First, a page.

In “Jean Michel Othoniel: My Way,“ a mid-career retrospective at the Brooklyn Museum, the artist creates a singular world, where beauty and repulsion, poetry and politics, masculine and feminine are entwined. “It’s been a long journey over the past twenty-five years,” Othoniel told A.i.A. “I’ve always felt at the edge of the frame.”
Consisting of 67 works arranged chronologically, the show begins with Priest’s Robe (1986), a spotless linen sheath that Othoniel made after the death of a lover. He would wear the piece during performances early in his career. “The idea of the body was the main preoccupation at the end of the 1980s because people were really suffering,” he explained, speaking of the onset of AIDS early in the decade. “It was disturbing to have this desire for a person, to want to fall in love, but then for that person to be totally destroyed. When I left school École nationale supérieure d’arts de Paris-Cergy, we were just 6, all the others died.”
A collection of small wax and sulfur sculptures first shown at New York’s Nicole Klagsburn Gallery in 1992 include The Threshold of Very Long Suffering (1992–93), and The Sibylla’s Hole (1992–93), works that from a distance, look abstract, but up close, become almost uncomfortably erotic, phallic and clitoral shapes that emerge, struggling, from puckered enclosures. “I tried to put two extreme things together- the wildness of the body and the spiritual—so it’s like a mixing of all of this in the same piece,” he said. “From far away, they look like poetic objects, but when you look close it’s more sexual.”
Othoniel has long pursued in his work the idea of hermaphroditism. “There is no direct connection to the male in my work,” he said. In his work, the feminine is manifested in the form of objects that reappear constantly-necklaces, breasts, fairytale princesses. Early in his career, he kept his hair long, and wore flowing gowns in public.
Many of Othoniel’s early works featured in the exhibition include large, human-sized necklaces such as Breast Necklace (1999), composed of tennis ball-sized white beads marked by tiny, pink nipples, and Tears (2003), a collection of glass bottles containing 1,000 small glass objects suspended in water that serve as a metaphor for the frustration of sexual desire, an object visible and seductive but out of reach. Glass, particularly as beads, are present in much of the artist’s best-known output, including the entrance he built in Paris to the Métro Palais-Royal-Musée du Louvre, a work that is represented by sketches in a small back gallery.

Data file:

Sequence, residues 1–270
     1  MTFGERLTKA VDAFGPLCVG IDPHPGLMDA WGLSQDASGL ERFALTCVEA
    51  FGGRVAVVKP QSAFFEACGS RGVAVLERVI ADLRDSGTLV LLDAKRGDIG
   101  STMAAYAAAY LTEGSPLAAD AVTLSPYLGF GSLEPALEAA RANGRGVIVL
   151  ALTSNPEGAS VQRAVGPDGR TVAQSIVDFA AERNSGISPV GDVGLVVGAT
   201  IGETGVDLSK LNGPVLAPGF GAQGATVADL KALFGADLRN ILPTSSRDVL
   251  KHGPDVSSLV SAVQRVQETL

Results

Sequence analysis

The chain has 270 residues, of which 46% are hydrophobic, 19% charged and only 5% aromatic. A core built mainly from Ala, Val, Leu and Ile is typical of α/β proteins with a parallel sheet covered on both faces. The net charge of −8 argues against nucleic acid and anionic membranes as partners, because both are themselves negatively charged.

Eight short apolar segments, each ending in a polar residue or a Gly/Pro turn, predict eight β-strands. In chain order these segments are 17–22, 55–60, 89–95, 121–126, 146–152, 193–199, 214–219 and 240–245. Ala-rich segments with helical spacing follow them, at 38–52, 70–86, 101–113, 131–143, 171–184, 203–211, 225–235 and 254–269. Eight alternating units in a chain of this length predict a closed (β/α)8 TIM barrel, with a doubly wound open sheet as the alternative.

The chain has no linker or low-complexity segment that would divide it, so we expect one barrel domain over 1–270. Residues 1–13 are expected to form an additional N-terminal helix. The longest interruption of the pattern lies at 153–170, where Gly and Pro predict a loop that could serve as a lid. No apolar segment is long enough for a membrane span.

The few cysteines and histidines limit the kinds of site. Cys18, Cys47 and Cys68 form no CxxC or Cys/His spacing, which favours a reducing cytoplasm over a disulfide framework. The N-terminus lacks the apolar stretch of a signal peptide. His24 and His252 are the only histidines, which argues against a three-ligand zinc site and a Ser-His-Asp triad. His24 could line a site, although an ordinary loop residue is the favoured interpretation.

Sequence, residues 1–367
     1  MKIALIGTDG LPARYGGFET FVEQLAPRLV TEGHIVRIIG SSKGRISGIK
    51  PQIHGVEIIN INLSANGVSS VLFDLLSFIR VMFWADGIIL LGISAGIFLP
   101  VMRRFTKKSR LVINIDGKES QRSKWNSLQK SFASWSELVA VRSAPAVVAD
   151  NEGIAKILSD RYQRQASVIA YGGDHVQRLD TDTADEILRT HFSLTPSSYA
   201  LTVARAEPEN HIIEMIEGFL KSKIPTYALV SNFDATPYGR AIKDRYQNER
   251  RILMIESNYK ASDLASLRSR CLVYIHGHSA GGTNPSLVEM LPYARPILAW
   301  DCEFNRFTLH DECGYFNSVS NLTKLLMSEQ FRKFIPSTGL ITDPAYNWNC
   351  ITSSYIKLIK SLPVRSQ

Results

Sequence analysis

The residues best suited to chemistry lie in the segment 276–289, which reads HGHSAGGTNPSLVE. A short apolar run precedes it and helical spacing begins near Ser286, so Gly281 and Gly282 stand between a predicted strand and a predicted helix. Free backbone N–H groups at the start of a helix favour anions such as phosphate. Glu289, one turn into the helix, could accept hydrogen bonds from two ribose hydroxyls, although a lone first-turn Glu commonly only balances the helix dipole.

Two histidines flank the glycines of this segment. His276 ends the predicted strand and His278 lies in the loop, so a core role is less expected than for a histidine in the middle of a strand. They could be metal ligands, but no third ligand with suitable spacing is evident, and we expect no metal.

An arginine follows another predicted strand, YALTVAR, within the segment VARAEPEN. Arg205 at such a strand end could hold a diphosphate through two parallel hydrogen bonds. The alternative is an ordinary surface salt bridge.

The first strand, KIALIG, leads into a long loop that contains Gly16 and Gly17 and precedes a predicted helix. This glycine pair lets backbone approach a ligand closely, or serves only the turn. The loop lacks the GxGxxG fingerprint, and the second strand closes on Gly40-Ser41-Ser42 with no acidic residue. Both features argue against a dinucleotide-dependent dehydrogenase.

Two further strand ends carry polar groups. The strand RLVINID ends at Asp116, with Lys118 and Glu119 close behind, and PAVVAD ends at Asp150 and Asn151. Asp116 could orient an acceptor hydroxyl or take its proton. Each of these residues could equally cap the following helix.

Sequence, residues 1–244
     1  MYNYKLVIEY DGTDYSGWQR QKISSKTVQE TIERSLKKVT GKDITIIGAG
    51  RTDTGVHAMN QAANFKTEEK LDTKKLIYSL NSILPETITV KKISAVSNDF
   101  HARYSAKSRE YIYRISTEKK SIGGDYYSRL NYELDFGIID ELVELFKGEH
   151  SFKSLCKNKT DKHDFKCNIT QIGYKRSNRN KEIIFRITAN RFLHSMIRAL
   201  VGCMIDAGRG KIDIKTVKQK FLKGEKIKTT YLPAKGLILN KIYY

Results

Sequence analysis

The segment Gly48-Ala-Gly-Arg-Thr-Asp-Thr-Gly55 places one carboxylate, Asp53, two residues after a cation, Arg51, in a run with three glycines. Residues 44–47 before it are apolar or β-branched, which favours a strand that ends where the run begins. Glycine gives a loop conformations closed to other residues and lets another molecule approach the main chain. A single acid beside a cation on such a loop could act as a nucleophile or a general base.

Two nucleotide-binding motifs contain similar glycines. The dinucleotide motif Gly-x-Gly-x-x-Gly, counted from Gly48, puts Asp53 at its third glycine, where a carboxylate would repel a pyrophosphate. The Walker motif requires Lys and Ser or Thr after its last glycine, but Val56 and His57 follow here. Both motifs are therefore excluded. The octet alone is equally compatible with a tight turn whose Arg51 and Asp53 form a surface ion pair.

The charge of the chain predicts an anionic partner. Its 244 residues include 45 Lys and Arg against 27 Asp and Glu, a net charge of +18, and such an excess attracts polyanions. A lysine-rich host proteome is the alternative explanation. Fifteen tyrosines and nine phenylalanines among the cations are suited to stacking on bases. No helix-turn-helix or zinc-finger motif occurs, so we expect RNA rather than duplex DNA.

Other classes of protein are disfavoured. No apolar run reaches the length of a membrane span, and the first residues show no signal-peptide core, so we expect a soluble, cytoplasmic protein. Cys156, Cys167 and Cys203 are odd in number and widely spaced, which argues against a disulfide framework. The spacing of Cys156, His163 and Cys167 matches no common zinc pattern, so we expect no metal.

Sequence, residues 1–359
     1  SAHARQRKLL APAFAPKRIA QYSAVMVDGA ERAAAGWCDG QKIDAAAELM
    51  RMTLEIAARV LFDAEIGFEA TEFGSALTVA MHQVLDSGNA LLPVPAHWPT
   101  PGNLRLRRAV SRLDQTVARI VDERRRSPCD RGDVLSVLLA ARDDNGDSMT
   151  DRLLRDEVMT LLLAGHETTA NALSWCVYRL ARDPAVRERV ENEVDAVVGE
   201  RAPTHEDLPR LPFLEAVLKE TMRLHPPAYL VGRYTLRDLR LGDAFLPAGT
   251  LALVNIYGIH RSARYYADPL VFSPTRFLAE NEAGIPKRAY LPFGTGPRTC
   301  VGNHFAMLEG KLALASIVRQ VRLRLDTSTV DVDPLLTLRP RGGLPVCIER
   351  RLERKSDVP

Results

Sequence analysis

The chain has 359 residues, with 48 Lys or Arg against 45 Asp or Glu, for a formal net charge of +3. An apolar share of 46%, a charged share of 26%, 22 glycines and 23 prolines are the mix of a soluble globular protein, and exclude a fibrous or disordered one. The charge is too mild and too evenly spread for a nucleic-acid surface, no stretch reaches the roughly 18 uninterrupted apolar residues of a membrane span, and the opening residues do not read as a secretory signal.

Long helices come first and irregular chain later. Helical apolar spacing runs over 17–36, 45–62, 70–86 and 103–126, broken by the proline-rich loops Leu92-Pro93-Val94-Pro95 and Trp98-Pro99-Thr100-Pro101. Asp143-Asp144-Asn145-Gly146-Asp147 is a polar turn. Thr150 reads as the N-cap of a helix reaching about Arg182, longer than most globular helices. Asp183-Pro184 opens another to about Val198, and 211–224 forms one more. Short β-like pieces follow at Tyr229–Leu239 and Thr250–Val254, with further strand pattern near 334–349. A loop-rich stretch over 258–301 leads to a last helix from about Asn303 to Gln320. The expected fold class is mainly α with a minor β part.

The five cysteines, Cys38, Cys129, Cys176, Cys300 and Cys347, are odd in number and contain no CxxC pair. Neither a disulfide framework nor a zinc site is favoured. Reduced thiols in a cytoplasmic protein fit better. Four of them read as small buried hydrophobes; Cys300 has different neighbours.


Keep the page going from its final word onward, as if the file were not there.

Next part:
In the following room, Othoniel creates a sort of dreamscape using works from different parts of his career including My Bed (2003), an elaborate frame made from Murano glass, aluminum and felt that looks like a doll bed for a fairy princess; Rain of Gold (2002), a roughly 16-foot long, 40-foot wide cotton voile curtain sewn with mirrors of silk and gold by over 80 hand embroiderers. A number of small, overtly phallic Murano glass sculptures, first shown in 1997 at the Guggenheim in Venice, hang, like wind chimes in a garden, from the ceiling. “My idea really is to try to re-enchant the world,” says Othoniel.
The room signals Othoniel’s move over the last decade towards collaborative and commissioned production from skilled craftsmen. Says Othoniel. “Performances with dancers. Embroidery with groups of people. Glass blowers. I felt like a conductor in an opera. This is the way I love to work now. I can go bigger and bigger and make architectural spaces.” Precious Stonewall (2010), a massive, 13-foot-high hollow cube, is made of golden brown bricks of glass that were blown by craftsmen in Firozabad, India. The artist stayed in the desert region, which is close to Agra, the city where the Taj Mahal resides, for one month. “It was very difficult. There were no hotels, no restaurants, and no one spoke English,” said the artist. “They’re melting glass in the ground like they did 2,000 years ago. The work was inspired by the piles of bricks that lie along on the road in India, which people collect until they have enough to build their own house. “In that way, it’s a pile of energy, of hope,” he said.
With collaborators Othoniel has been able to reformulated early work, and manifest them larger. In the back room of the exhibition hang the resulting works, monumental glass bead sculptures that practically vibrate with energy. In Large Self-Tying Knot (2011), a tangle of beads are drawn up towards the ceiling, and suspended to a point six feet in the air, as if pulled vertical by a magnet. Viewers are invited to walk underneath Large Double Lacan’s Knot (2011), which hangs low in the center of the room, and looks like a Celtic pattern, or a thread of molecules writ large. In doing so, they begin to feel the scale of the monumental works in relation to their own bodies. “I took the idea of the necklace, and twisted it, turning it into a new form,” said Othoniel. “It’s more sculptural.”
Organized by the Centre Pompidou in Paris, this exhibition has already traveled to Seoul, Tokyo, and Macau. Brooklyn Museum is its final home. “This exhibition shows my DNA, where my work comes from, and where it has taken me,” said Othoniel. “You can feel my vision from the second you walk in the door.”